Ulmus x hollandica Vegeta

Huntingdon Elm Fruit Seed

Fruits or Huntingdon elm, ripening as the leaf-buds burst in April. Each fruit has a large wing with a single, centrally-placed seed, as shown by the enlarged example on the right ¡XlJ).

FIGURE 111

Winter twig of Huntingdon elm. with medium-sized buds on zig-zag twigs (life size). Below: a single bud (xS).

Ulmus Hollandica Twig

This beautiful tree is one of the many regional forms of elm that puzzle thebotanists. but simply delight lovers of the English landscape. It is a hybrid between the Wych elm, Ulmus glabra, and the Smooth-leaved elm, U. carpinifolia. It forms a magnificent tree with a straight bole and long straight branches, usually ascending. The leaves are large, like those of the Wych elm. and are remarkably oblique at the base. Distinguishing features are reddish hairs In the vein arches of the under surface, and a slight hairiness of the upper surface.

Huntingdon elm was raised in a nursery at Huntingdon, about the year 1750, from seed collected locally.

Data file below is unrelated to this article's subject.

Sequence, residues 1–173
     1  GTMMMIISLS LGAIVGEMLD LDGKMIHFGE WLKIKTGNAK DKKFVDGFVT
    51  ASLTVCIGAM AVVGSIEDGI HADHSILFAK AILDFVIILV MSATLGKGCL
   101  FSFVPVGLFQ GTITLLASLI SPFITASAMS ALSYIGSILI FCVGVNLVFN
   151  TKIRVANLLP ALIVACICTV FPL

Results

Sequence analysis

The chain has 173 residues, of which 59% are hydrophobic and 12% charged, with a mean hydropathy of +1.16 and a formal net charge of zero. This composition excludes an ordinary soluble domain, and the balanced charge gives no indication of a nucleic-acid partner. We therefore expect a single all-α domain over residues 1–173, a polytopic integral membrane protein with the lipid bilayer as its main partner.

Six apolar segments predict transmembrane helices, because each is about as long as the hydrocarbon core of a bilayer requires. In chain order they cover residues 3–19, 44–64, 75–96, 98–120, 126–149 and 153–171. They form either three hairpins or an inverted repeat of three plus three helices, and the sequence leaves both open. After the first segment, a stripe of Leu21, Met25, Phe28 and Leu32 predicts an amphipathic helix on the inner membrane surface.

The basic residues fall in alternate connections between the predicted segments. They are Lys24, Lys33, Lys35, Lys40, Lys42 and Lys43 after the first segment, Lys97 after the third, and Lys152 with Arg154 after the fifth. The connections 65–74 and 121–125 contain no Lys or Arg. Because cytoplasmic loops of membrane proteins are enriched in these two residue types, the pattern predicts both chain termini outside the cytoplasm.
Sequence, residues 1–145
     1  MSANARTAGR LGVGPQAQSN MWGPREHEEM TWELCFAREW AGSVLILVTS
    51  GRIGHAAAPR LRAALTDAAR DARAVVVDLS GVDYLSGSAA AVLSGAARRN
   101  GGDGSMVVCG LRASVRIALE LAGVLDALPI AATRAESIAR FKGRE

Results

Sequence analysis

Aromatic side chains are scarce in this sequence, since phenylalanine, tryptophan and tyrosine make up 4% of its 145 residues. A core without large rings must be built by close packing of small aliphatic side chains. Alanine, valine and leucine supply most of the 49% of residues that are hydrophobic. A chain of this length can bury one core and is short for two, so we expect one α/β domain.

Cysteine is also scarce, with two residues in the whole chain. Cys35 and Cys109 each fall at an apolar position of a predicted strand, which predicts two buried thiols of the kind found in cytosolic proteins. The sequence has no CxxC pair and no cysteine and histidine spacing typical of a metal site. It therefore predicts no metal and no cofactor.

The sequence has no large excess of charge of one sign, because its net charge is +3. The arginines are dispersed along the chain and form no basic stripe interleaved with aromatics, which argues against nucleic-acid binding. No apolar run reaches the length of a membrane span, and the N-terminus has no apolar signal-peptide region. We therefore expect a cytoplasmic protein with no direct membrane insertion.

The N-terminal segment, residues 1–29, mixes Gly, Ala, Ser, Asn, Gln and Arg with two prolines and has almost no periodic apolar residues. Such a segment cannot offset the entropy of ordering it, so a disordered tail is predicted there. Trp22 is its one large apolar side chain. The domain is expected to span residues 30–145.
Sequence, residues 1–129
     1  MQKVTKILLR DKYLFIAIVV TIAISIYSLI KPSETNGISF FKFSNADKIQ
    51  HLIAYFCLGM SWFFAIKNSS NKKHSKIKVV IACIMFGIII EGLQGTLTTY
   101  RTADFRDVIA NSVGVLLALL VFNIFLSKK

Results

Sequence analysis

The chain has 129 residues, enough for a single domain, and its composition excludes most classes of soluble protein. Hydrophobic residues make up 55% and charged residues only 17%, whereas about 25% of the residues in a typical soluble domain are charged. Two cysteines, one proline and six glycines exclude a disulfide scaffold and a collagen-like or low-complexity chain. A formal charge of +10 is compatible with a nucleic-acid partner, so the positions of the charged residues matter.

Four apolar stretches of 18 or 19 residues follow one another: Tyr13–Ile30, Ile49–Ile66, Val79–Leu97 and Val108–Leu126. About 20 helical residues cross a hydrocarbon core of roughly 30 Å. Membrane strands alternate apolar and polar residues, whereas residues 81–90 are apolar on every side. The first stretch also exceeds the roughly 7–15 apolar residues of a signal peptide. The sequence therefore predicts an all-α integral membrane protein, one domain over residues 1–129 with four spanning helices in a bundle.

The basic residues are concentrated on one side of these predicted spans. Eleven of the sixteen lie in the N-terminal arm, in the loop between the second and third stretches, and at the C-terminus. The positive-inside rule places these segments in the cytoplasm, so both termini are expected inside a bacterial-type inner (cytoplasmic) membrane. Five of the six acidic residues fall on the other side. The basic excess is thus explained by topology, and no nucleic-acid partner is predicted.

The nurseryman concerned propagated and sold it so extensively that it became prominent along the hedgerows of Huntingdonshire and neighbouring counties, and man}' fine specimens could be seen until elm disease killed most of them.

Unlike the Wych elm, it sends up sucker shoots freely. As our illustrations show, its characters of bud, leaf, flower and seed fall somewhere between the Wych elm and the English elm. described on the following pages. Flowers are shown in Figure 116, seeds on this page, leaves in Figure 119. outline in Figure 115.

FIGURE 111

Winter twig of Huntingdon elm. with medium-sized buds on zig-zag twigs (life size). Below: a single bud (xS).

Fruits or Huntingdon elm, ripening as the leaf-buds burst in April. Each fruit has a large wing with a single, centrally-placed seed, as shown by the enlarged example on the right ¡XlJ).

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